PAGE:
What’s up with… Nokia, AT&T, Vodafone Egypt

  • Costs eat into Nokia’s margins despite rising sales
  • AT&T reports higher mobile service revenues, seeks fibre JV investor
  • Qatar investor reportedly close to taking stake in Vodafone Egypt

In today’s industry news roundup: Nokia’s earnings squeezed by higher costs and ongoing supply chain issues; AT&T boasts improving mobile service revenues and, according to reports, is seeking an investor for a major fibre access network joint venture; the Qatar Investment Authority is linked to a stake in Vodafone Egypt: and more! 

Nokia’s third-quarter results unveiled a trend that’s likely to become familiar over the next few weeks as technology vendor earnings reports are released – revenues are up but profit margins (and share prices) are down. The Finnish giant reported sales of €6.24bn, a year-on-year increase of 6% at constant currency rates and a 16% increase in actual reported numbers, but its operating profit margin dipped to 8.3% from 9.3% a year ago as the company highlighted supply chain challenges and increasing costs are heaping pressure on its margins. Investors and analysts had expected better profit margins, and their disappointment was reflected in a 9.3% slump in Nokia’s share price to €4.31. Nokia isn’t alone, of course: Ericsson also reported its latest financials today and reported the same trend. There are also positives for Nokia to take from its third-quarter performance, though, in particular that its mobile networks division is reporting healthy growth and its Network Infrastructure division, which includes its fixed access broadband, optical and IP routing product lines, continues to grow and report “robust demand”. 

US operator AT&T has reported a resilient third quarter, recording what it claims is the best growth in wireless service revenues in more than a decade. Its revenue from continuing operations in the period stood at $30bn compared with $31.3bn in Q3 2021. It attributed the 4.1% decline to the impact of the separation of its video unit in July 2021. Wireless service revenues were up 5.6% year on year to $15bn, mainly driven by growth in subscriber and post-paid additions, while it added 708,000 new post-paid net subscribers and 338,000 net additions to its fibre service. “We’re investing at record levels to enhance our 5G and fibre connectivity, and to deliver the best experience available in the market,” commented AT&T CEO John Stankey. He noted that the “healthy subscriber growth” is driven by the telco’s “disciplined go-to-market approach”. The company now expects its wireless service revenue growth to be in the upper end of the 4.5% to 5% range. “We remain confident in our ability to achieve, or surpass, all our financial commitments for the year, while still investing to bring our customers the industry’s best services,” Stankey noted. See more.

Still on AT&T… The company is reportedly engaged in talks to create a joint venture that will invest billions of dollars in the expansion of its fibre-to-the-premises (FTTP) access network, Bloomberg reported. According to the news agency, AT&T is seeking an infrastructure partner for the JV, which is expected to be valued at between $10bn and $15bn. Read more via BNN Bloomberg.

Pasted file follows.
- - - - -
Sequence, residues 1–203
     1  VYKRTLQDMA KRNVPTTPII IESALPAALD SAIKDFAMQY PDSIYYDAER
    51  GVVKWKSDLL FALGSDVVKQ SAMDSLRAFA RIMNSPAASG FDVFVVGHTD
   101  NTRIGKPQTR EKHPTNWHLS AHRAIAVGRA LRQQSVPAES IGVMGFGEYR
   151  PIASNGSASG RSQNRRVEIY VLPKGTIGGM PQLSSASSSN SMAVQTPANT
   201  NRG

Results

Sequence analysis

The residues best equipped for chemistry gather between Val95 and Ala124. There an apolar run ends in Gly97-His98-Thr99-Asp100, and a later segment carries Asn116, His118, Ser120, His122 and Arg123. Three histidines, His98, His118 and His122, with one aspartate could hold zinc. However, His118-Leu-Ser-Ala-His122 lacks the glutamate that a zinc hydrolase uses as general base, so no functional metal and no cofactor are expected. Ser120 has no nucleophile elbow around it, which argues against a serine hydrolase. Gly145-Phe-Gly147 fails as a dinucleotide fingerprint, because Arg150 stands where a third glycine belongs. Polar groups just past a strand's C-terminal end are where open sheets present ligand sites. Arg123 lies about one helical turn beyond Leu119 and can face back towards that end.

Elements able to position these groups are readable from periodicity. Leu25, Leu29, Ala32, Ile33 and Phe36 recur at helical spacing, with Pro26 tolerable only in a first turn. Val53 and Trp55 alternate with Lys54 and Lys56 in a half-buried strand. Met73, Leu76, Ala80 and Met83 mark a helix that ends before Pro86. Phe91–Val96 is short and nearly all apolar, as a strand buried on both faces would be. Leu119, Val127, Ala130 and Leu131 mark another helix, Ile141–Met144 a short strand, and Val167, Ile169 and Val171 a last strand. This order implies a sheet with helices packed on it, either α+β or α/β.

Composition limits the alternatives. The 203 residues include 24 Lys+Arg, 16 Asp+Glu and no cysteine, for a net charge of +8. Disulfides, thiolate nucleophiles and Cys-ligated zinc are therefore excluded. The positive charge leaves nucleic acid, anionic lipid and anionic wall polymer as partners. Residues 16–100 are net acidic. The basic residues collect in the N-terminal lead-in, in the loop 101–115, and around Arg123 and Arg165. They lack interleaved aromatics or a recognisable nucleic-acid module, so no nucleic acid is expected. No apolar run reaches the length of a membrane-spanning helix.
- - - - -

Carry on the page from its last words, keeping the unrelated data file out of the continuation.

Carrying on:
Qatar’s sovereign wealth fund, the Qatar Investment Authority (QIA), is reportedly nearing a deal to acquire a 20% stake in Vodafone Egypt from state company Telecom Egypt. According to Bloomberg, QIA is in advanced talks for the purchase, which is expected to close by the year end. The move, as per the report, is part of a wider investment campaign to buy stakes in the Egyptian telco and other state-owned companies for approximately $2.5bn, as the country experiences struggles due to inflation and Russia’s invasion of Ukraine. Vodafone Group’s ownership in the Egyptian telco currently stands at 54.9%. Read more via BNN Bloomberg.

Starlink, the satellite internet constellation operated by Elon Musk’s spacecraft manufacturer SpaceX, has launched an aviation service for private jets that offers “high-speed, low-latency internet from the moment they walk on their plane”. While deliveries are set to start in 2023, customers can begin reservations for the offering, which promises to deliver up to 350Mbit/s to any plane worldwide so passengers can use “streaming-capable internet at the same time”. According to Starlink, the latency of its service is “as low as 20 milliseconds”, which would enable passengers to make video calls, play online games, use virtual private networks and make other “high data rate” activities in-flight. Such service, however, comes at a price – between $12,500 and $25,000 per month, plus a one-time hardware purchase totalling $150,000, notes Reuters. See more from the company’s announcement on Twitter.

Still on connectivity possibilities while in transit… Qatar-based telco Ooredoo has announced it will supply managed Wi-Fi services and mobile broadband connectivity on more than 350 official buses for the FIFA World Cup Qatar starting on 20 November. The aim is to keep players and FIFA officials connected, while media staff can upload content and share broadcasts when travelling between venues.

Globe Telecom crowned itself as the first communications service provider in the Philippines to offer a converged mobile and fixed broadband service plan. Dubbed ONEPlan, the offering delivers “an always-on network experience, whether you’re on the go, or at home, shared with the whole family”, noted Coco Domingo, Globe VP of post-paid and international business. Learn more.

- The staff, TelecomTV

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